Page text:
February 1, 2004
If stock markets along the Pacific Coast of Asia are any indication, the region’s economies have come back from their mid-90s demise with a vengeance. In Hong Kong, the Hang Seng Index measuring that region’s stocks was up 30% by mid-October. Stock markets in Indonesia, Malaysia, and India were up 51%, 63%, and 21%, respectively. South Korea rose 23% during the same time period.
That kind of lift has done wonders for mutual funds that invest in the area. According to Morningstar, the Chicago fund data company, portfolios investing in Pacific Rim nations outside of Japan were up an average 30.6% at the end of September 2003.
Reforms to currencies, banks, and corporate governance have helped economies in the Asia Pacific region average a 4.4% annual growth rate over the past 20 years, more than 30% above the 3.2% average of the United States’ economy.
Even though there’s good news, the region is still volatile. Besides the economic crisis of 1997, the region endured the SARS virus in early 2003, there is the belligerent North Korean government, and additional concerns stemming from the U.S. war in Iraq. Morningstar analyst William Samuel Rocco says there is still good reason to invest in the region, provided you have a sound base in domestic funds and a good foothold in an all-purpose international portfolio. Rocco recommends that you place no more than 10% of your overall assets in a Pacific Asian fund. “For most people, these shouldn’t be core foreign holdings,” he says. “They make sense as a second international fund, one with a good amount of spice and the potential for some ‘pop’ over the long-term.”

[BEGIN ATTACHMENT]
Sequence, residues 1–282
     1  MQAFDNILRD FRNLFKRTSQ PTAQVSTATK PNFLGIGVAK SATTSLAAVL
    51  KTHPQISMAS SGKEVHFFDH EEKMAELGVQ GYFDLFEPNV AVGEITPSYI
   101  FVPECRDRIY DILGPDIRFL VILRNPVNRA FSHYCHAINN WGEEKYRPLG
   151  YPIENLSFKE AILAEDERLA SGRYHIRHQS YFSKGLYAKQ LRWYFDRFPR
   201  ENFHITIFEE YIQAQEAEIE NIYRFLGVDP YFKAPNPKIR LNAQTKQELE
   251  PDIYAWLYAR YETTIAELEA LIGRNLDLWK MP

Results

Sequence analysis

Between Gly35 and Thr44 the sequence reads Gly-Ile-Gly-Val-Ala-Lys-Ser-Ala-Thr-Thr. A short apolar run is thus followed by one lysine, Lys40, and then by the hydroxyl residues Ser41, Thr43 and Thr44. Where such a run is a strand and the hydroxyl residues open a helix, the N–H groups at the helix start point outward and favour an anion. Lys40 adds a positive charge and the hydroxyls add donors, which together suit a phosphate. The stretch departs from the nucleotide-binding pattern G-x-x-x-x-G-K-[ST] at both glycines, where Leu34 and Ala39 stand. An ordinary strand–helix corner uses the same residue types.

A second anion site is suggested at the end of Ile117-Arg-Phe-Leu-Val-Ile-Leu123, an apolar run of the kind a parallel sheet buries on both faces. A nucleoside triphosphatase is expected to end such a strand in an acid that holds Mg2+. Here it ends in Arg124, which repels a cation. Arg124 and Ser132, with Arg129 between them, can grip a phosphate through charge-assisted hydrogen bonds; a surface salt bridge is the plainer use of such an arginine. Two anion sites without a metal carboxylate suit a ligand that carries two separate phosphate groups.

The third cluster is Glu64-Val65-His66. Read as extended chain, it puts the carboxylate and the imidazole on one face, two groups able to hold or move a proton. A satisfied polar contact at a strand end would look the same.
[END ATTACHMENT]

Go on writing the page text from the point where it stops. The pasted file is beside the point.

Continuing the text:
We screened Morningstar’s database looking for funds with diversified holdings that spread their assets to many nations in the region. We also looked for the best portfolios over the three-year period that ended Sept. 30, 2003 to get the best gauge of a fund’s performance over both rough and easy periods.
The fund atop our chart was the Matthews Asian Growth & Income Fund. Management at the San Francisco fund have built a relatively conservative portfolio with modestly valued shares, and companies that pay secure dividends and include convertible bonds. At the end of the third quarter, it had a 15.9% average annual total return. Its sibling, the Matthews Pacific Tiger Fund, is a bit zestier, taking a stake in smaller companies and markets with more pop, such as Indonesia. It finished third on our ranking with a 5.3% average annual total return over the last three years.
Top 6 Asian-focused Mutual Funds
|Fund Name (Ticker)||1-Year
|Matthews Asian Gr & Inc (MACSX)||25.87%||15.90%||22.30%||$2,500||800-789-2742|
|Eaton Vance Asian SmCo A (EVASX)||49.22%||13.45%||NA||$1,000||800-225-6265|
|Matthews Pacific Tiger (MAPTX)||49.16%||5.31%||22.44%||$2,500||800-789-2742|
|Guinness Atkinson Asia Fo (IASMX)||36.21%||5.18%||7.18%||$2,500||800-915-6566|
|Fidelity Southeast Asia (FSEAX)||32.47%||-0.82%||13.29%||$2,500||800-544-8888|
|T. Rowe Price New Asia (PRASX)||37.78%||-1.51%||12.17%||$2,500||800-638-5660|